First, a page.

The use of legal drugs (tobacco and alcohol) may lead to the use of cannabis, a new study led by the University of Bristol and published in the journal Addiction has found. The study also found evidence that cannabis use may lead to smoking initiation, and opioid dependence could lead to increased alcohol consumption. Additionally, there might be shared risk factors that influence the use of multiple substances.
“Legal consumption of alcohol and tobacco may directly increase the level of illicit drug use. However, the relationships are complex. Consuming one drug does appear to increase the consumption of another, but it may also be the case that people have underlying risk factors which increase their chances of consuming both alcohol and tobacco and illicit drugs.”
The study found evidence for a possible gateway effect between (1) tobacco use and subsequent alcohol and cannabis use, (2) cannabis use and subsequent tobacco use, and (3) opioid dependence and subsequent alcohol consumption. It is possible that there may be bidirectional relationships – for example between tobacco and cannabis use – where cause and effect is operating in both directions. However, given that tobacco and alcohol use usually begin before other drug use, it is also possible that there may be shared risk factors – possibly a common genetic predisposition to substance use – underlying these relationships. Further examination of these specific relationships is required to determine the exact mechanisms behind these possible gateway effects.
Hazel Cheeseman, Deputy Chief Executive of Action on Smoking and Health, commenting on the study's implications, said:
“Tobacco and alcohol cause tremendous harm to society and these findings indicate that they may also increase the use of other drugs. Governments tend to take separate approaches to reducing the harm from legal and illegal drugs, but the long-promised Addictions Strategy provides an opportunity to look at the overlap between addictions and be more integrated.”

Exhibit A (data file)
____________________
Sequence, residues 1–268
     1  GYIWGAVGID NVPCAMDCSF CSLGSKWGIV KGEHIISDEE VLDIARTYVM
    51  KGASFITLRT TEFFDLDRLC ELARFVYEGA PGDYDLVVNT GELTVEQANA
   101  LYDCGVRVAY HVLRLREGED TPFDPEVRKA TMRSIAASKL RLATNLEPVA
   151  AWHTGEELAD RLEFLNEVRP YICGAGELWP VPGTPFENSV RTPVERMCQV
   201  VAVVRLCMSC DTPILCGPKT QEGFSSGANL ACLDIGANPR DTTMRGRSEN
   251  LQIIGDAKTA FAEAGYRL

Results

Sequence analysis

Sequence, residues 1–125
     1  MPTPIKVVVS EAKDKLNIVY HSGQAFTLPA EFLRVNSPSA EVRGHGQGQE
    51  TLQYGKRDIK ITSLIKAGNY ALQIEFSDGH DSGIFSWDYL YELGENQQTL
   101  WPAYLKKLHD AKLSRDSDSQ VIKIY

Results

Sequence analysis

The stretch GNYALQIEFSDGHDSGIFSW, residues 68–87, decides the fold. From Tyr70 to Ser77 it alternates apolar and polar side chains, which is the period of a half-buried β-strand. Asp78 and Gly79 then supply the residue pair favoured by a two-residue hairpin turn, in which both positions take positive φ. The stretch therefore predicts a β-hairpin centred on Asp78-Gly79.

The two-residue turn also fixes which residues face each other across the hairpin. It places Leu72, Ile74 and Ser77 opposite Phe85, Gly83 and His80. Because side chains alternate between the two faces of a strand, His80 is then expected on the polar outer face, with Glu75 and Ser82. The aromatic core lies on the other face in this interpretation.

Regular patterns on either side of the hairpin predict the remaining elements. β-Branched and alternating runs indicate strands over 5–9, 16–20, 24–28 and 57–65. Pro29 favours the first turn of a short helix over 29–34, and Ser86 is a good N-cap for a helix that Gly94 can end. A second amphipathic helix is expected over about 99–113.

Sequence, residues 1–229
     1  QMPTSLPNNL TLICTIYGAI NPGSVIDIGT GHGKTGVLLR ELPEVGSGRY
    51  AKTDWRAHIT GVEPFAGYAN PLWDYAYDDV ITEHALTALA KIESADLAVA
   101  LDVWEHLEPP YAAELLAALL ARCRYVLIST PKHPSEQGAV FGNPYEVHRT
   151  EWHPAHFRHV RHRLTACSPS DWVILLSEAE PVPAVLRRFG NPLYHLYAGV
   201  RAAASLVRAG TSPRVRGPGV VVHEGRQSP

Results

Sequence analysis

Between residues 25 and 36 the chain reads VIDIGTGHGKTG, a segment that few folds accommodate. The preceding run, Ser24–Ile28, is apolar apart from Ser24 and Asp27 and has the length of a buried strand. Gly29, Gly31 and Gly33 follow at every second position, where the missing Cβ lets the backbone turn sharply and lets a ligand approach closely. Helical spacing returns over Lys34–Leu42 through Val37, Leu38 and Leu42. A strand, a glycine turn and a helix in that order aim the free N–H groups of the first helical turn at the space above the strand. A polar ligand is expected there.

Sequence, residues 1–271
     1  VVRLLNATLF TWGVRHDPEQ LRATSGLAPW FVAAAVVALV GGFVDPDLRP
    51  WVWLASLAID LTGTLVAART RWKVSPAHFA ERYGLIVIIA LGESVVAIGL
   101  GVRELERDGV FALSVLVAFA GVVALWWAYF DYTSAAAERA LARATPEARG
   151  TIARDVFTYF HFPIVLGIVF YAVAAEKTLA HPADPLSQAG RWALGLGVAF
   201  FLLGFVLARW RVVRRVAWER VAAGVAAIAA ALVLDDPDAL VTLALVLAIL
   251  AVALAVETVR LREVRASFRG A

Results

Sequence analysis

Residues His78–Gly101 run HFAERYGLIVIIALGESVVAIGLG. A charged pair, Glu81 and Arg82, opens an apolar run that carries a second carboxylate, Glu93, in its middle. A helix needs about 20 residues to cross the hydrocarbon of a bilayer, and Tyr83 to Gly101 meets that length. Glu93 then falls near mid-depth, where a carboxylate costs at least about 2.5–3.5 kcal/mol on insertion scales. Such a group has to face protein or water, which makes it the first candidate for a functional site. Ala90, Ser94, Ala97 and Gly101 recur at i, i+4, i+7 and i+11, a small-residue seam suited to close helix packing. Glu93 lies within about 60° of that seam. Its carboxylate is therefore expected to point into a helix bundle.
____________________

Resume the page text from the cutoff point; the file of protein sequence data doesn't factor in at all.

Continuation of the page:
Many studies which have sought to understand the relationship between consuming different drugs rely on observed associations. The problem with relying on observed associations is that both types of drug use (legal and illegal) may be caused by a shared underlying risk factor, such as impulsiveness, and it is difficult to determine whether relationships are causal. To avoid this problem, the research team used a statistical approach called Mendelian randomization.
Mendelian randomization uses genetics to support stronger conclusions about possible causal relationships between an exposure (a potential cause) and outcome (a potential effect) that is less likely to be affected by a ‘confounder’ (a third variable that affects both the exposure and the outcome). In this study, researchers used known genetic variants that predispose people to use tobacco, alcohol, cannabis, cocaine or opioids and then looked at whether there might be causal relationships between both tobacco and alcohol and these illicit drugs. Using genetic variants as a proxy for an exposure reduces problems of confounding and allows stronger conclusions about whether an exposure truly causes and outcome – in this case whether use of one substance leads to the use of another.